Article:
What is needed?
What is needed?
Today, there are no standards, certifications, guidelines, or regulations that relate specifically to BCIs and BNCIs. Of course, there are many more general principles that apply. For example, BCI hardware must conform to various guidelines and standards, and research with human or animal participants follows the legal and ethical guidelines that were developed to cover any type of research. In some cases, more general principles are adequate. However, as B(N)CIs develop into mainstream research efforts and mature consumer devices, at least some additional specifications are required that specifically address B(N)CIs.
Here are some examples:
There is currently no widely accepted term or acronym for BCI. While BCI is most common, other people refer to BMI (Brain - Machine Interface), DBI (Direct Brain Interface), and many other terms.
No guidelines specify exactly which devices are, or are not, BCIs.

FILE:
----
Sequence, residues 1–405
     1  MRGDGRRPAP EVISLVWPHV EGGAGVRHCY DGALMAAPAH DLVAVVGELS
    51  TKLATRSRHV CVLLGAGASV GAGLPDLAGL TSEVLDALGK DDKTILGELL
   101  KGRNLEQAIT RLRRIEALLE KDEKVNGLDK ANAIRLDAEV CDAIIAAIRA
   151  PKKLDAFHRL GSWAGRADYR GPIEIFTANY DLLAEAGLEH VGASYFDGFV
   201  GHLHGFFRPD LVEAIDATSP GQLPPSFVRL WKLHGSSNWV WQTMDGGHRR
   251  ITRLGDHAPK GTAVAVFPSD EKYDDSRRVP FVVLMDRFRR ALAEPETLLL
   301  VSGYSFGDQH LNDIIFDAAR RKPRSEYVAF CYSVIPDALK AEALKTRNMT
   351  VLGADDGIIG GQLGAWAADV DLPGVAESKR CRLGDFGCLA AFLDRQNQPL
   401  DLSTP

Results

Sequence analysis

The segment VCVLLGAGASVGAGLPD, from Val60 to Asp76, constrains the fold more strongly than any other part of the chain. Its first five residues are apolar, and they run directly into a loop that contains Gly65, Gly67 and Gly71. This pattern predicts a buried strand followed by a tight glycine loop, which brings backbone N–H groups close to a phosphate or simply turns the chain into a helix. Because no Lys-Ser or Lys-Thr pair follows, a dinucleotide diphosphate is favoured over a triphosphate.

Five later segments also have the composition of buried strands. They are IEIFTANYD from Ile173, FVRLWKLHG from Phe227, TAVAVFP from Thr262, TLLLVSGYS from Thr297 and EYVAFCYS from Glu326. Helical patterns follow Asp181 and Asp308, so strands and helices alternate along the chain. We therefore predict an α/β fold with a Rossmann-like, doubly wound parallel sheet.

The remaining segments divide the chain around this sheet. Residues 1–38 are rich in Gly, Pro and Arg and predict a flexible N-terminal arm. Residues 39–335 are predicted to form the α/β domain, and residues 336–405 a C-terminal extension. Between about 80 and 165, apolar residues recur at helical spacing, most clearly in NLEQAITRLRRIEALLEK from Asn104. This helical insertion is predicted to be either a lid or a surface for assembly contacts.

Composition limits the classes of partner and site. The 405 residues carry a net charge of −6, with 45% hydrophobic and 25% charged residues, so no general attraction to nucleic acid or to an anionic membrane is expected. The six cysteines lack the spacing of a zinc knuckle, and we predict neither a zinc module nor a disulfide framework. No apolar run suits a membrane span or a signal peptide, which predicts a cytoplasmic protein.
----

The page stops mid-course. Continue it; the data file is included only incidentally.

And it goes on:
Many people do not follow common guidelines in scientific reporting. Although some papers have addressed this in the BCI research community, and noted the need for reporting additional details, there are still no established guidelines. For example, authors should be clear about how they determined the bit rate and other performance metrics of their BCI system.
There is no certification process for individuals. For example, is a specific person qualified to work with a severely disabled person who wants a B(N)CI? Does that person know how to select equipment, set up the system, understand the user's unique needs, abilities, and circumstances, handle the legal and ethical guidelines for working with severely disabled persons (which may also need to be updated), develop the best BCI for that user, work with different applications, etc.?
These sorts of specifications will be developed eventually, as happens in any maturing field. There was once a time when there was no clear term or acronym for a wide area network, or regulations about what was a WAN, or any way to certify whether someone was qualified to work with WANs. Hopefully, this post will encourage discussion about certifications, standards, regulations, and guidelines. An important related issue is: who decides? Some sort of committee will need to be established with the necessary experience and credibility. Until then, peer-reviewed papers or other works developed among established researchers could also provide a mechanism to describe the desires and expectations of the B(N)CI research community.
- New Sticky